Knowing exactly what your customers want is a great way to create an effective, and profitable product.
But getting into the customers frame of mind can often present its own challenges. That is where product discovery comes in.
So what is product discovery? And how does it help you to gain a better understanding of your customers?
Product discovery is the process of understanding your customers, so that you can offer them a product that meets their needs.
Product discovery plays an integral role in deciding the most essential features of products and services, whilst also deciding which features or products to prioritize over others, depending on the customers wants and needs.
Due to the constantly ongoing process that is product discovery, even current successful products can be altered and adjusted, to further their ability to provide customer satisfaction.
Product discovery can be implemented in pretty much any online business that sells a service/product.
You may even find that certain products are better to sell on certain channels than others, giving you a huge advantage over any competitor who is failing to utilize that channel.
Product discovery is clearly significant when it comes to offering something to your customers that they will appreciate.
By using product discovery, brands can go beyond simply guessing what features might be nice for customers to have, and actively learn their wants and needs.
The process of product discovery also ensures that the product team spends their resources wisely.
Each new product features costs, so ensuring the more effective and profitable features are added is in the best interest of everyone involved.
A 5-Point Checklist for Optimal Product Discovery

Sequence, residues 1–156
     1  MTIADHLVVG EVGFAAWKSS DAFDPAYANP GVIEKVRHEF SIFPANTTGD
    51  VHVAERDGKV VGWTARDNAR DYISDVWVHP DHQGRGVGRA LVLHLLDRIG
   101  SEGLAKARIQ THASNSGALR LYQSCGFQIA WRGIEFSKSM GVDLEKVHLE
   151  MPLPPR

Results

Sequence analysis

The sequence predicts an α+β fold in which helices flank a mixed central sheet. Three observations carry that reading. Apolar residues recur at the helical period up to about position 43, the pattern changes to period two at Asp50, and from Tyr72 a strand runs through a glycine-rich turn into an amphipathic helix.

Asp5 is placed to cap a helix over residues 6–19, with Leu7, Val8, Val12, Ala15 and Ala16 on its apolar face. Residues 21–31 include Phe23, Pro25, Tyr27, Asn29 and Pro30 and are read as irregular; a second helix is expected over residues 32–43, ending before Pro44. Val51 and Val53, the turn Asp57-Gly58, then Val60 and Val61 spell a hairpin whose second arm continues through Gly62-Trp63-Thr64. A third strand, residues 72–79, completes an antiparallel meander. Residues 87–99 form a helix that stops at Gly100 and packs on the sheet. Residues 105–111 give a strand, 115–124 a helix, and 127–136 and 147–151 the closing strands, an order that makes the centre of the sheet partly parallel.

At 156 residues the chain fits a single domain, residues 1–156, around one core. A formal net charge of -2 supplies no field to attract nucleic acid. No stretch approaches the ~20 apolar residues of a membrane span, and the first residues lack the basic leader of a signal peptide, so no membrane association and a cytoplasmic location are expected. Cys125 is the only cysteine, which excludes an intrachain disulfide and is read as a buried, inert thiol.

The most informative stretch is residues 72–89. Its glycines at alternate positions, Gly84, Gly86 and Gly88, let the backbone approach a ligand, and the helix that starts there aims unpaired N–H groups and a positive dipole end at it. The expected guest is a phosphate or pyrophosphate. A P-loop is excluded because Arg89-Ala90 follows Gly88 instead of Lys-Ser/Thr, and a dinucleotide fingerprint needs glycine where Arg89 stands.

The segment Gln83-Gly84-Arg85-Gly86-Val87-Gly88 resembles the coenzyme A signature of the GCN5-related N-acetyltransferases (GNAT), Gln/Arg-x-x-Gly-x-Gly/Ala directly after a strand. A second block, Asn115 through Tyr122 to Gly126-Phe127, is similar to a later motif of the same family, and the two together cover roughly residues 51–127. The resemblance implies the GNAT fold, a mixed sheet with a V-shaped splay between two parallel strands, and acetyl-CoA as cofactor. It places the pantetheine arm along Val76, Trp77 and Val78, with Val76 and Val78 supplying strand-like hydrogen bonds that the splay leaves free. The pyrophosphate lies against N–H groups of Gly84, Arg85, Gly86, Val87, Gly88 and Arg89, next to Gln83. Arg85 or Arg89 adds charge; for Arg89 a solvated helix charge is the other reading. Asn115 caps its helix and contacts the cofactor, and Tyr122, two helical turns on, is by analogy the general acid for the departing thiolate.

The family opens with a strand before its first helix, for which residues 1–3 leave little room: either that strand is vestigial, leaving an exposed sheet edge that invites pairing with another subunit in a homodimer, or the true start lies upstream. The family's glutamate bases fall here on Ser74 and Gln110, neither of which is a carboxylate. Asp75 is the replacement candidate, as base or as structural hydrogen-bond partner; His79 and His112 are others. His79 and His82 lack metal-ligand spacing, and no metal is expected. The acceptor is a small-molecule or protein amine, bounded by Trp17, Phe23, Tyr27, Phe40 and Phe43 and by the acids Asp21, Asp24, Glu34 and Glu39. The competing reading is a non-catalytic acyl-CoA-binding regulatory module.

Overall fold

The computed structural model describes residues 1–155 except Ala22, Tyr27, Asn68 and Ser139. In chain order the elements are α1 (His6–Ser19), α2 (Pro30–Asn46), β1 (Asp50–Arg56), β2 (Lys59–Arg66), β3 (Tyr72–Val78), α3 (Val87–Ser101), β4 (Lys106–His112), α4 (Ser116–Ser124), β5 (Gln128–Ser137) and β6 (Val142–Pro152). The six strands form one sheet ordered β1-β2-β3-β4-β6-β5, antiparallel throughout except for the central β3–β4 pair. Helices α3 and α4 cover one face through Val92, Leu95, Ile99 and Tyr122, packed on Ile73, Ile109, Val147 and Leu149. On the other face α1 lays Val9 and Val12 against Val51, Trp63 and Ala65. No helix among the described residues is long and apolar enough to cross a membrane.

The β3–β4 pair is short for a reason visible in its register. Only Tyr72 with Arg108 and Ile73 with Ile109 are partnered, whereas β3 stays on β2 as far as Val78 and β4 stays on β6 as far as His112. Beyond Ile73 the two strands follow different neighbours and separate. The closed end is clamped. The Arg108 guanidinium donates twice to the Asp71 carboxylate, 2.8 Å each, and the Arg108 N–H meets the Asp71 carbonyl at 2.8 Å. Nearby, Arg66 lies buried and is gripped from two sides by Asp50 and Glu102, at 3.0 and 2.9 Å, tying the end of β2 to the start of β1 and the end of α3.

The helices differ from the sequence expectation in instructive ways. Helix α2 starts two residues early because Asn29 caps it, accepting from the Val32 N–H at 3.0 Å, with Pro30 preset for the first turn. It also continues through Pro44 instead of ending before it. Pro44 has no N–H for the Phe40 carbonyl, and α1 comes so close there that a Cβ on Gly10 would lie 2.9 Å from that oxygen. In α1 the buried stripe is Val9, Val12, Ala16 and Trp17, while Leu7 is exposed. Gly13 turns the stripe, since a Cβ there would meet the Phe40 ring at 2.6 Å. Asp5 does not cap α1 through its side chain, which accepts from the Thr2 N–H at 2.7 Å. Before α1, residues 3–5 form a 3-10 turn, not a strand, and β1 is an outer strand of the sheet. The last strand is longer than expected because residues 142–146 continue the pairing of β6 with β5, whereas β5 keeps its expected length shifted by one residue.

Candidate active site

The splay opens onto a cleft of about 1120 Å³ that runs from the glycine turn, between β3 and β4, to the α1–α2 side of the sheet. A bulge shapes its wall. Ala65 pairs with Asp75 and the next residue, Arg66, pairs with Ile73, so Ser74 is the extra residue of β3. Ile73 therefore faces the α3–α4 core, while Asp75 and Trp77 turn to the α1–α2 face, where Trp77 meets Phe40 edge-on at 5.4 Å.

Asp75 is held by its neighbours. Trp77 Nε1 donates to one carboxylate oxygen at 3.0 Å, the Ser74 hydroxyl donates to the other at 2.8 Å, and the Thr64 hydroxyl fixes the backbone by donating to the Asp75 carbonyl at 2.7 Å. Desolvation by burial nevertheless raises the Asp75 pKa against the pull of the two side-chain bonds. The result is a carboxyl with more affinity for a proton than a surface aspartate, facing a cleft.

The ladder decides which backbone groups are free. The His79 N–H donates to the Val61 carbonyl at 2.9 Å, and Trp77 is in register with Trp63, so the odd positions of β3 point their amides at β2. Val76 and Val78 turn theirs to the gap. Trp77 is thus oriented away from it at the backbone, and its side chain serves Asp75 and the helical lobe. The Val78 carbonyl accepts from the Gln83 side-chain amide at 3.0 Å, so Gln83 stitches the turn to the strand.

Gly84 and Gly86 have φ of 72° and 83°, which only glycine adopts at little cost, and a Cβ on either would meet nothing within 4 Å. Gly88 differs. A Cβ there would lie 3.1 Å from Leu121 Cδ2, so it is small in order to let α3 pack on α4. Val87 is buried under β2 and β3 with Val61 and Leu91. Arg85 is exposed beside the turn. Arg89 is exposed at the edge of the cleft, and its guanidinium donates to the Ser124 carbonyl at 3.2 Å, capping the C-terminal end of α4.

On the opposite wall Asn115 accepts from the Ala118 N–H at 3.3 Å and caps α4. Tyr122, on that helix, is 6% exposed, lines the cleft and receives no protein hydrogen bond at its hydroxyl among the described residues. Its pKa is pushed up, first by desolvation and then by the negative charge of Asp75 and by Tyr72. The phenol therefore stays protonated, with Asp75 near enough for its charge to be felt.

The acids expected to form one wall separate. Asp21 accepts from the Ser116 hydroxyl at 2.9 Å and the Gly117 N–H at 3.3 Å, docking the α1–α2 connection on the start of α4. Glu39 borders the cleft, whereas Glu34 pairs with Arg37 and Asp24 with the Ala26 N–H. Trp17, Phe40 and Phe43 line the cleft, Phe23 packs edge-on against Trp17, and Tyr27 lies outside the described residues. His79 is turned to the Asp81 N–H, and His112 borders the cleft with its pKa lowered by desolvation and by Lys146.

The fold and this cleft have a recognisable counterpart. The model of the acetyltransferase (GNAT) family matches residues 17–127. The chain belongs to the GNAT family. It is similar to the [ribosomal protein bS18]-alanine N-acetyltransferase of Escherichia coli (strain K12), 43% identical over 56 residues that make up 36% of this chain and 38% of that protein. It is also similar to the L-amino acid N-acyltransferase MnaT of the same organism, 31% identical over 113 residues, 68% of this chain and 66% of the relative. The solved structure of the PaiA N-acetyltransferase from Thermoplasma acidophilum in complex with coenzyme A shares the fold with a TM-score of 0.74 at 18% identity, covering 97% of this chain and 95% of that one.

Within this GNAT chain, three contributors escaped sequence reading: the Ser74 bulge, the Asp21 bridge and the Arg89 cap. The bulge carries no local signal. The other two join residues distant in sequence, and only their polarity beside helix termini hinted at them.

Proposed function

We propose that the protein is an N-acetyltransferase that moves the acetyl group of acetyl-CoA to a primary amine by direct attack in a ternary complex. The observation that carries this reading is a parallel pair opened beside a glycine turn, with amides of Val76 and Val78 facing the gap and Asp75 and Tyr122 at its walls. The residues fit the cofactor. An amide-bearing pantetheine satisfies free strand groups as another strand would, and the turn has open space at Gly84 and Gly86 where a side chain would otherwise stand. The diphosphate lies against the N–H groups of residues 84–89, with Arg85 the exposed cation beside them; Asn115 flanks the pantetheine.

Product discovery is the key to creating products with features loved by your customers.
These tactics will help you to discover what is important to your customers, and how to implement those ideas.
Understanding your audience is an integral part of product discovery.
If we want to create effective, problem solving products, or features for products, we have to empathise with our customer base.
By this we mean understanding their needs, wants and even what they hope to achieve from the product.
It is also important to know what works for the majority of your customers, so that you don’t go changing something many are content with, for something worse.
In addition to understanding customers, it is also important to ensure that those we are building empathy for come from a range of demographics.
Otherwise, you may create a biased and non-representative sample which could prevent you from earning their trust.
To better understand your audience, you should try to be specific. Take someone who is your ideal target customer and learn everything about them.
From their occupation and income, to their interests and desires.
Also try to note everything that could possibly present issues in their lives, and offer solutions.
If your target audience is low income, you shouldn’t create a high price product.
Take this approach, and apply it to what your customers love, hate, want, have, and more.
Whilst you may have gained a solid insight into your customers on one occasion, the learning shouldn’t stop there.
You may feel like you are on top of what your customers want and need after a project, but those needs will gradually change over time. As will product innovation.